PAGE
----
Madhuri Shekar’s provocative world premiere play, “Queen,” which examines the nature of the scientific method, personal ethics and (as its title suggests), the profoundly worrying demise of the global honeybee population in recent decades, could not have arrived on the stage of Victory Gardens Theater at a more propitious moment than it did last Friday. For the very next day — in protest against the Trump administration’s threat of budget cuts for agencies funding scientific work — there was a formidable March for Science, as crowds massed in the U.S. capital and around the world to support science and evidence-based research.
When: Through May 14
Where: Victory Gardens Biograph Theater, 2433 N. Lincoln
Tickets: $15 – $60
Run time: 95 minutes, with no intermission
Shekar’s play might have given those marchers a good deal to argue about as they considered some of its more unsettling revelations. For “Queen” is as much a critique of science — or at least some of the public and personal politics involved in its pursuit — as it is a laudatory look at the extraordinary rigor that drives the vast majority of serious scientists. The play is awash in ethical dilemmas. And of course that is only fitting given that science is the work of human beings. And their quest for recognition and advancement, their vulnerability to personal interest and/or passionate advocacy, and their continua, often demoralizing quest for funding can sometimes have a warping effect. To be sure, the situation here is the exception rather than the rule, but it happens.
The backdrop for Shekar’s story is the University of California, Santa Cruz (and you have to wonder what the school’s response might be given all that happens in this play), where two PhD students (and friends) have spent the past seven years collaborating on research about the decimation of the bee population. They are Sanam Shah (Priya Mohanty), a brilliant programmer from a well-to-do Indian family who is in the U.S. on a special visa, and Ariel Spiegel (Darci Nalepa), a struggling single mother and impassioned theorist who believes a Monsanto-manufactured pesticide is to blame for the bees’ death.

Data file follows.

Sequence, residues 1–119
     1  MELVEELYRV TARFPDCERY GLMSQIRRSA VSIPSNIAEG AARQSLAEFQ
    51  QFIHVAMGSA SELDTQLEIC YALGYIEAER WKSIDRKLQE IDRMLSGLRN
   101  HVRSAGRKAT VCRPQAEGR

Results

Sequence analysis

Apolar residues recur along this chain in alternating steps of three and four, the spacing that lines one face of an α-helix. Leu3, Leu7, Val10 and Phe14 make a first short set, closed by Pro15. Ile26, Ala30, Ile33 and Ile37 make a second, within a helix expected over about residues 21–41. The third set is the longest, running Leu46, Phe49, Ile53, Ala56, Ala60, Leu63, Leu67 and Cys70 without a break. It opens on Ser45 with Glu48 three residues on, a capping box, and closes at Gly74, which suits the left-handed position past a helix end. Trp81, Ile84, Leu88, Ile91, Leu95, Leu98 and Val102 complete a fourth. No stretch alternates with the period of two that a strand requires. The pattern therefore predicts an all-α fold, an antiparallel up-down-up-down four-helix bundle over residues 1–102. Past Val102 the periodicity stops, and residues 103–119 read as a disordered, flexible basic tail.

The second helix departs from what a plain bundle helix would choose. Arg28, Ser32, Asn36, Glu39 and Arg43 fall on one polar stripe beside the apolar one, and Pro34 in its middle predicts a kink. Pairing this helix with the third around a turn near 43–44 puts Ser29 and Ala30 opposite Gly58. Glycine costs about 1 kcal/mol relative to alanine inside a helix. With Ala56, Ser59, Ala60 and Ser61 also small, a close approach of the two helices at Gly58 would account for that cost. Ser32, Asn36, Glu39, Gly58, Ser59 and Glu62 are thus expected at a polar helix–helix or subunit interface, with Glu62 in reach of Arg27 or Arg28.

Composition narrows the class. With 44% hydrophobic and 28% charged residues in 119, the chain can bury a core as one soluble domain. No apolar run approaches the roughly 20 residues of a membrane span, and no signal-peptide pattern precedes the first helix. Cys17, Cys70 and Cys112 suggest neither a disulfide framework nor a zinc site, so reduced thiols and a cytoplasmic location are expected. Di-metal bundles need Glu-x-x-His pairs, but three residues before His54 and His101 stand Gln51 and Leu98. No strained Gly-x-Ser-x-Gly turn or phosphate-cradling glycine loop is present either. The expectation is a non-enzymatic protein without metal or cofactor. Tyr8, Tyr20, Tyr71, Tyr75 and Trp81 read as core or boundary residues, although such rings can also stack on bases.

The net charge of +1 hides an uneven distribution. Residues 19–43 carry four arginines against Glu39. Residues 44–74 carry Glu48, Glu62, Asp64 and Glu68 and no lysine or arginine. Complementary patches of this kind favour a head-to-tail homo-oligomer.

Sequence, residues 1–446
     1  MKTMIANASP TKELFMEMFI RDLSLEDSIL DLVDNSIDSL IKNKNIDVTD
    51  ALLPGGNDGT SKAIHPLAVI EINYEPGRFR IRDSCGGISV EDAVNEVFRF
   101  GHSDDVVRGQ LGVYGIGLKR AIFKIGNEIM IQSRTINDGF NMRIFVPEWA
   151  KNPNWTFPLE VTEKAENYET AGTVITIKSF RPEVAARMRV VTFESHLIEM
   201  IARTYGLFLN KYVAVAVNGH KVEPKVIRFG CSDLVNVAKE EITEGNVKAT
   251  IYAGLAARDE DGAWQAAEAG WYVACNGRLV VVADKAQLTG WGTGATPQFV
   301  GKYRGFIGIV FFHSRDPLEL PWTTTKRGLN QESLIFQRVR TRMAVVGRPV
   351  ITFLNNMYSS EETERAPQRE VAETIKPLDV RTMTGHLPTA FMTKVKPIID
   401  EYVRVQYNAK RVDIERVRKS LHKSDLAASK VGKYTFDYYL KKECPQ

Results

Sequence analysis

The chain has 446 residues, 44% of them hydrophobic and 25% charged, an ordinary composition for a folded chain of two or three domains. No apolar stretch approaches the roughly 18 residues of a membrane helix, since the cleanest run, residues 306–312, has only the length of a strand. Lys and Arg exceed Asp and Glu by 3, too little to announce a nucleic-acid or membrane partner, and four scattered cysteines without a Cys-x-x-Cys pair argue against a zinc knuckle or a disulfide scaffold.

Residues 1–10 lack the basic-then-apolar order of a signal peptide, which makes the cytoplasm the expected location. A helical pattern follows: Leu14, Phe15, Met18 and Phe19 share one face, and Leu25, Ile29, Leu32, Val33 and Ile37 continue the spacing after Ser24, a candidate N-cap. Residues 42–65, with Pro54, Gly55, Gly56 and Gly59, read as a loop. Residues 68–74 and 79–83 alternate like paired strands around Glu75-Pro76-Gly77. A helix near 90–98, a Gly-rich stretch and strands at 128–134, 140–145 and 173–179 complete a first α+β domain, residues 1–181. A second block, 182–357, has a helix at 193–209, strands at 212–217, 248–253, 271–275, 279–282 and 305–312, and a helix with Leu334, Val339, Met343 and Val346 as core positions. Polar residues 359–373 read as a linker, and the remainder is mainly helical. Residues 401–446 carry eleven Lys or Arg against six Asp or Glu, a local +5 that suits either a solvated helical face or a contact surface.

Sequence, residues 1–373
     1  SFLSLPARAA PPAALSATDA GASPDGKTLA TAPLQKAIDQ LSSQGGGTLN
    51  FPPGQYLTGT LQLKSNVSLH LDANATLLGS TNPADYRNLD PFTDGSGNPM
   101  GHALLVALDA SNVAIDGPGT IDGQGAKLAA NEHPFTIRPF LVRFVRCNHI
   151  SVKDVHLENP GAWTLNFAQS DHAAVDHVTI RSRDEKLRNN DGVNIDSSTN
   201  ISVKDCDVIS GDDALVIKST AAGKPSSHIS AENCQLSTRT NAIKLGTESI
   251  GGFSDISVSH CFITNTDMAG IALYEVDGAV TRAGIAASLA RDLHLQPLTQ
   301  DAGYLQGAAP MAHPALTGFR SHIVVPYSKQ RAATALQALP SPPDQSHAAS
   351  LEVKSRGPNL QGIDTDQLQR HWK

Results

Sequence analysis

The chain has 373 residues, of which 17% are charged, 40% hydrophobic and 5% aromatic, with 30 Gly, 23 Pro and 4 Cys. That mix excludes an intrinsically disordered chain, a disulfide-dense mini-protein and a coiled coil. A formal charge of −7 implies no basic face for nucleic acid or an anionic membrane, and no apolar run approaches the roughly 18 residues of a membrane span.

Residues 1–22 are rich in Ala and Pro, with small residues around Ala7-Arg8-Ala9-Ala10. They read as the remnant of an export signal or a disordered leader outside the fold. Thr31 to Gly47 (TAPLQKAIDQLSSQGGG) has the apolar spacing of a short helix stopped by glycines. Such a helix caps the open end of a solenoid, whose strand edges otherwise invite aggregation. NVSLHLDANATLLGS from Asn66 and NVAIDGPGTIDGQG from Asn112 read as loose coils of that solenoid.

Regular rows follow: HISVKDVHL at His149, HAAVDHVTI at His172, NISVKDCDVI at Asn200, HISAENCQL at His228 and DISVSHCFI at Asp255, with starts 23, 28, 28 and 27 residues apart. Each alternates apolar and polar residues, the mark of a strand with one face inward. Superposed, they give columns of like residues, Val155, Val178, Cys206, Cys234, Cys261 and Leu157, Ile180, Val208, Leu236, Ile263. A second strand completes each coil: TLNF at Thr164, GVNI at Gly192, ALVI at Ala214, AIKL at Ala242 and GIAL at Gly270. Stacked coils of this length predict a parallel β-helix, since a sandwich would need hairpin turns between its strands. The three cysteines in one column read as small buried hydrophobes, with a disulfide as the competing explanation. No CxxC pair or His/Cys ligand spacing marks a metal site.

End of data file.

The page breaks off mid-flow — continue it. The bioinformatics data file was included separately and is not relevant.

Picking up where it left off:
The women’s adviser and “principal investigator” on the project is Dr. Philip Hayes (Stephen Spencer), a raving chauvinist in what, until relatively recently, has been the male-dominated world of science. But the group’s paper has just been accepted for publication in the hugely prestigious journal, Nature. And he is about to receive an award at a major conference where the results of the study will be presented before an audience of scientists who are clearly fierce competitors working on the same research topic. So there is reason to celebrate.
And then it happens. While looking over the results of the study after inserting the latest figures, Sanam realizes that something is not at all right. What is wrong? How should she proceed? She confides in Ariel, and both are in a panic that erupts into something more.
In the exceedingly winning comic subplot of the play, that unspools at the very same moment all this is happening, Sanam has agreed to go on a blind date with Arvind Patel (Adam Poss), a slick and brainy New York derivatives whiz (and poker player) who is in Santa Cruz on business. These two are not at all meant for each other, although Arvind is rather gobsmacked by Sanam’s mathematical brilliance and eccentricity, and though she finds him obnoxious but attractive, she also thinks he might be able to figure out where (or why) her calculations went wrong. Their encounters could not be more hilarious, and are played to perfection, even if Mohanty’s diction is sometimes clouded.
Ultimately, a major ethical quandary must be faced, with long-term professional reputations and personal relationships in the balance for everyone involved. Even more crucially, there is the question of whether the essential “rightness” of the findings might in some small way help save the bee population (and, without engaging in hyperbole, much of human life), and even mitigate the skewing of the statistics.
Shekar is a brainy and entertaining writer, although she forces some things — particularly the showdown with Dr. Hayes, whose big outburst would easily be grounds for charges of unprofessional scientific and personal behavior. (Just remember what happened to the Nobel Prize-winning scientist who told a conference that when women are in the lab “You fall in love with them, they fall in love with you, and when you criticize them they cry.”) But under Joanie Schultz’s deft direction this timely story about the interplay of science, conscience and the heart offers a most winning test case.